Although Odjig worked with, and was friends with members of the Woodland School, she found more affinity with the group that she helped form, the Professional Native Indian Artists Association, often called the Indian Group of Seven. Along with Jackson Beardy, Alex Janvier, Norval Morrisseau, Carl Ray, Joseph Sanchez and Eddy Cobiness,

Odjig worked tirelessly to promote the group and change the way the visual arts community regarded Aboriginal artists. Like everyone in the group, Odjig wanted their work to be acknowledged for its artistic merits, not simply for its “nativeness.” This has remained her lifelong aspiration.

One of Odjig’s most outstanding works is the mural The Indian in Transition (1978), commissioned by the National Museum of Man (now the Canadian Museum of Civilization). The painting is so large (8' high by 27' long) she had to rent a house in which to paint it. It symbolizes the political and cultural revitalization of her people and was the largest canvas painted by a Canadian Aboriginal artist to that date.

Lee-Ann Martin, curator of contemporary Canadian Aboriginal art at the Canadian Museum of Civilization, describes The Indian in Transition in this way:

“The Indian in Transition takes the viewer on an historical odyssey that begins before the arrival of Europeans, continues  through the devastation and destruction of Aboriginal cultures, and ends on an expression of rejuvenation and hope. Odjig’s story unfolds with the figure on the left playing the drum, which symbolizes strong Aboriginal cultural traditions, while overhead is a protective Thunderbird.

Then a boat arrives filled with pale-skinned people. The boat’s bow becomes a serpent, a bad omen in Anishnabe mythology,” she explains.

“Next, Odjig depicts Aboriginal people trapped in a vortex of political, social, economic and cultural change. Four ethereal figures rise above the fallen cross and broken drums against a background of a bureaucratic symbol of authority.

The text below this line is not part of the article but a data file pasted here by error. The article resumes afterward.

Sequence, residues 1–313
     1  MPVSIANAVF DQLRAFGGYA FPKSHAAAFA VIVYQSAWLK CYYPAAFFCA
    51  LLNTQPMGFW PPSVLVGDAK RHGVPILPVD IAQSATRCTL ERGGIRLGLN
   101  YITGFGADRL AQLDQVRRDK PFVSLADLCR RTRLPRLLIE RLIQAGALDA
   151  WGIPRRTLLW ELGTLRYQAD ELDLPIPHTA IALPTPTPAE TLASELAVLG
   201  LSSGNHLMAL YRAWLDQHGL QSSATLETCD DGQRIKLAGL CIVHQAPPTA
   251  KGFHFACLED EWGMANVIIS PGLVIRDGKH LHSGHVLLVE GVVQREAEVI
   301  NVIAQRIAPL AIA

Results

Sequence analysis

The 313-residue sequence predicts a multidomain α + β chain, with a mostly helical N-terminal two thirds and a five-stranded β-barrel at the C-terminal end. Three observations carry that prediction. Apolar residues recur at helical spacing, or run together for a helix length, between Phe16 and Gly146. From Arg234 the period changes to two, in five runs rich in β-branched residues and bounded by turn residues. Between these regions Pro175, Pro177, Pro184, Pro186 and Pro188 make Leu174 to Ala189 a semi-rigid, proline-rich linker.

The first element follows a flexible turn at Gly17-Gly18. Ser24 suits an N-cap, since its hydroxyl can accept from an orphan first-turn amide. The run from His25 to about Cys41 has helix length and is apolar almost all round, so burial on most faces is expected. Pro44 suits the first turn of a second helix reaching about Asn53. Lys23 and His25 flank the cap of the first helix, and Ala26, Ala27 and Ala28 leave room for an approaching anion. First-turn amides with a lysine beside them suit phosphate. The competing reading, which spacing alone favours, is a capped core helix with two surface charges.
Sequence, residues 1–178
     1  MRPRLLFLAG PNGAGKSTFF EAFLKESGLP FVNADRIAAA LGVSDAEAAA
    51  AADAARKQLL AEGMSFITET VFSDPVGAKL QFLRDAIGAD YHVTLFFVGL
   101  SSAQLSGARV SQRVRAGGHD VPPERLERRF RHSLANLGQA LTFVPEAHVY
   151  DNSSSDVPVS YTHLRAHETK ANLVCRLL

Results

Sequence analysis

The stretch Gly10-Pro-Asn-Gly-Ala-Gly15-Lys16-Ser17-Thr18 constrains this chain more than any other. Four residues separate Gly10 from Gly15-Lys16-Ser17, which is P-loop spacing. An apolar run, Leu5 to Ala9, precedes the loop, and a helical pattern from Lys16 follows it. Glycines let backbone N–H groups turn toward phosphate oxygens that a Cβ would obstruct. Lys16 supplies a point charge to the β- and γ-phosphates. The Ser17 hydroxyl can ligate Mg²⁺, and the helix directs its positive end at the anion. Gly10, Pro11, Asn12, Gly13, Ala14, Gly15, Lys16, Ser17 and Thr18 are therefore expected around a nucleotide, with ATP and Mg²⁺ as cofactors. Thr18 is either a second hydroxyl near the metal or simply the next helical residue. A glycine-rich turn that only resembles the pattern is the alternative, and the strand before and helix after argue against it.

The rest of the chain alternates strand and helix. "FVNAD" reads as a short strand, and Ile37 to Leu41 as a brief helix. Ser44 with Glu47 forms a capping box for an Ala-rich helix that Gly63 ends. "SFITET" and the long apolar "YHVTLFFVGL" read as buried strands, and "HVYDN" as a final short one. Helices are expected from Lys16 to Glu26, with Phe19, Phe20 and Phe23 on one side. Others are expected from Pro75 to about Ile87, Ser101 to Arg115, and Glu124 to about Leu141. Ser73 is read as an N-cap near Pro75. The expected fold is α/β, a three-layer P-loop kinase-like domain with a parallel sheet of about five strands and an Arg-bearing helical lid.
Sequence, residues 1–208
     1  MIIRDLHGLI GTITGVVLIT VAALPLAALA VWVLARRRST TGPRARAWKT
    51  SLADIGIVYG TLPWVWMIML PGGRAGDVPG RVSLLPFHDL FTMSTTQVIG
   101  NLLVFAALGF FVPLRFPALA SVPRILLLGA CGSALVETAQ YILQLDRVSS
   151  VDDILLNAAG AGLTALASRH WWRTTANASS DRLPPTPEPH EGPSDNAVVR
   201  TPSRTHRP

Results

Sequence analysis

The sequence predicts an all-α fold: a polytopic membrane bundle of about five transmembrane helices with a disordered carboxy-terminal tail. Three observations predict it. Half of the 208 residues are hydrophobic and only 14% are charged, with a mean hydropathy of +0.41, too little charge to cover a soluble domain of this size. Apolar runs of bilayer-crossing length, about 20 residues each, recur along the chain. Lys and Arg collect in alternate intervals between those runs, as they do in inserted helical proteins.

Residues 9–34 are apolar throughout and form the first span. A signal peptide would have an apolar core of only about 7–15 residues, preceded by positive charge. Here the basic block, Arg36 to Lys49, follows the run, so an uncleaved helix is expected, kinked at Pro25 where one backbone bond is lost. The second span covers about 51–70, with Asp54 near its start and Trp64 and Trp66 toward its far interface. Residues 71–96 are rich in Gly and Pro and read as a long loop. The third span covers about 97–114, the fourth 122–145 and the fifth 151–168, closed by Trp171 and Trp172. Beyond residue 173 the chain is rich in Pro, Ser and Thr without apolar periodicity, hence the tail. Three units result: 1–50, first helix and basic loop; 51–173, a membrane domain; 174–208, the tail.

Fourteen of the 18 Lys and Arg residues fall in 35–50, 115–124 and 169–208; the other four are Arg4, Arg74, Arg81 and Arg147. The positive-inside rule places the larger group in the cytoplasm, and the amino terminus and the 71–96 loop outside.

To the right, a figure, protectively sheltering the sacred drum, struggles free, under the protection of the Thunderbird and the eye of Mother Earth depicted in the top left. Odjig ends the story as it began, with a message of hope and mutual understanding for the future.”

Over the course of five decades, Odjig has participated in numerous group and solo exhibitions, including a major print retrospective in 2005 organized by the Kamloops Art Gallery when she was in her late 80s, and a retrospective exhibition of her drawings and paintings organized by the Art Gallery of Sudbury in association with the National Gallery of Canada in 2007.

Odjig’s work has undergone many transitions. She has received numerous honorary degrees, awards and international accolades. But at the heart of this engaging and gracious woman is a passion for life, a thirst for knowledge and a spirit that has influenced and revitalized the political and creative landscape of generations of Canadian artists. _

Jann L.M. Bailey is executive director of the Kamloops Art Gallery and curator of the national touring exhibition Daphne Odjig: Four Decades of Prints.

Support Herizons by subscribing and get your very own copy in the mail 4 times per year. http://www.herizons.ca/catalog/143/subscriptions